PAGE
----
Top 10 Directorial Debuts
Much like in any other art, film-makers place a large amount of emphasis on their debut pieces. Essentially used as a reference point for the remainder of their careers, directors must ensure that their debut makes some kind of impact. Here are some of the more notable debuts from over the years- all of which have remained as a prominent work throughout their respective directors careers.
10. Eraserhead – David Lynch (1977)
Defining an entire age of independently produced cinema, David Lynch created the unmistakable Eraserhead rather early on in his career. The piece, which documents the day to day bleakness of one man’s life in a surrealist black and white existence, has become a cult classic and is often cited as a main influence upon filmmakers today. Eraserhead was Lynch’s first full length film, created on a shoestring budget following the success of prior short works.
9. Mad Max – George Miller (1979)
As one of the first of an increasingly popularly ‘dystopian’ genre, Mad Max is a frantic journey into a post-apocalyptic future where it’s every man for himself. Starring a very fresh faced Mel Gibson as the central protagonist, Mad Max tells the tale of one man and his journey across a desolate Australia circa once the world as we know it has ended. Encountering many grim individuals upon his way, Max must use his cunning to overcome some rather intense situations. All in all an excellent debut from Miller which helped put the Australian film industry on the map.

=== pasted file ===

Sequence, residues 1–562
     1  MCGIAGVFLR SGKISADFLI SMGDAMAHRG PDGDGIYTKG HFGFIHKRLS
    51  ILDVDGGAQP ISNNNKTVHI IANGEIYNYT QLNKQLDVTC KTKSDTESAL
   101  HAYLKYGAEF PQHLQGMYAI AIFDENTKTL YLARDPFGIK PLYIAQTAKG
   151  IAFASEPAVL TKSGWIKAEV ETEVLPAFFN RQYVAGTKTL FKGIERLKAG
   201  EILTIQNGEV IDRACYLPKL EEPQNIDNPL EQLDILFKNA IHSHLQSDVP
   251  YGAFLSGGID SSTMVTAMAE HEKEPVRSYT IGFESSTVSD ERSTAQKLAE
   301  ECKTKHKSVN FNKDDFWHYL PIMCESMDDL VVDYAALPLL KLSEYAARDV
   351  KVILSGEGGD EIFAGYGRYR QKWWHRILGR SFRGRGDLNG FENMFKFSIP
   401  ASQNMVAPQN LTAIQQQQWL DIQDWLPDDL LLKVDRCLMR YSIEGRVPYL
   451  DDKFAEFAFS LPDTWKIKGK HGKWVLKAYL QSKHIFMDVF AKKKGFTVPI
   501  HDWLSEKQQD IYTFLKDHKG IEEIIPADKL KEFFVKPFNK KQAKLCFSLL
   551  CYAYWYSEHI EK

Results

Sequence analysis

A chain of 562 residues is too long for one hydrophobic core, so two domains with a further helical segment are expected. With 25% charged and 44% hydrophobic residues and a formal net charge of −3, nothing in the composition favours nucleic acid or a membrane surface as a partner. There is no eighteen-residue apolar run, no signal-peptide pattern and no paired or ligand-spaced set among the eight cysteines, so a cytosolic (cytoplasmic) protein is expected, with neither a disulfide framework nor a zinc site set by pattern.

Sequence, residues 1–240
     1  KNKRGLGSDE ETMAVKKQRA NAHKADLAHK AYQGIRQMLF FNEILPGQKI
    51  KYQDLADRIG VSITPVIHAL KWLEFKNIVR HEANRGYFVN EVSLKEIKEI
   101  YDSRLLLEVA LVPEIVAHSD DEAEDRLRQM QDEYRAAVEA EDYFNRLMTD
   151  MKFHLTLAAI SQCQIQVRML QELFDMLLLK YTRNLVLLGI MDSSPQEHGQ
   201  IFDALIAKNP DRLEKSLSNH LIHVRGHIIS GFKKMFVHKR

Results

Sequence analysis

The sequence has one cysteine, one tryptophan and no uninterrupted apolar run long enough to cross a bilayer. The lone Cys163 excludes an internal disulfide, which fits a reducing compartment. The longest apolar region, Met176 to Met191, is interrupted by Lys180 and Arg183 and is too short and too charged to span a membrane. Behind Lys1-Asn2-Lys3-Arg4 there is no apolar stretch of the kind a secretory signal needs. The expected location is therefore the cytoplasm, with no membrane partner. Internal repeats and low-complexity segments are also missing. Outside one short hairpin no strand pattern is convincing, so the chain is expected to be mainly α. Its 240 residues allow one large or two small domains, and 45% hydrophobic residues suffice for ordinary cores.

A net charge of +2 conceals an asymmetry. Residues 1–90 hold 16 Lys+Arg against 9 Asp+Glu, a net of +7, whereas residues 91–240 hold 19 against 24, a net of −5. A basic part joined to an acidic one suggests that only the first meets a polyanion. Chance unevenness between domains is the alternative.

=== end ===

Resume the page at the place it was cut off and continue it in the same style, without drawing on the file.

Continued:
8. Citizen Kane – Orson Wells (1941)
Directing and starring in this, his debut work- Orson Wells established himself as the fearless yet gifted and competent filmmaker he became known as soon after. Set around the fall of a certain newspaper mogul and his media empire, Citizen Kane blends elements of several separate styles- from noir to biopic via satire- Wells’ first movie is a real showcase of the man’s talents in his field- wherein he is still known as an early pioneers.
7. Bloodsimple – Coen Brothers (1984)
A tireless voyage of darkness set in the Texan desert, Bloodsimple did well to inform the world of the themes which could be expected in the brothers’ later works. Showing their tastes for deadpan and nihilistic humour as well as an endless cabaret of characters- each one of them as odd as the previous- Bloodsimple was a solid debut on all fronts. Despite having maybe become more conventional over the years, the Coen brothers still adhere to many of the aforementioned themes.
6. This is Spinal Tap – Rob Reiner (1984)
With his debut, Rob Reiner really set the premise of ‘mockumentary’ as a plausible comedy format. Imitated many times since, This is Spinal Tap has become a comical institution- as well as doing incredibly well commercially. The film follows the hilarious mishaps of a hard rock band as they fade slowly into obscurity- doing well to highlight the pressures of the music industry as a whole in the process. Hosting an array of classic scenes and quotes alike, Reiner’s personal appearance as fictional documentarian ‘Marty DiBergi’ adds a whole other dimension.
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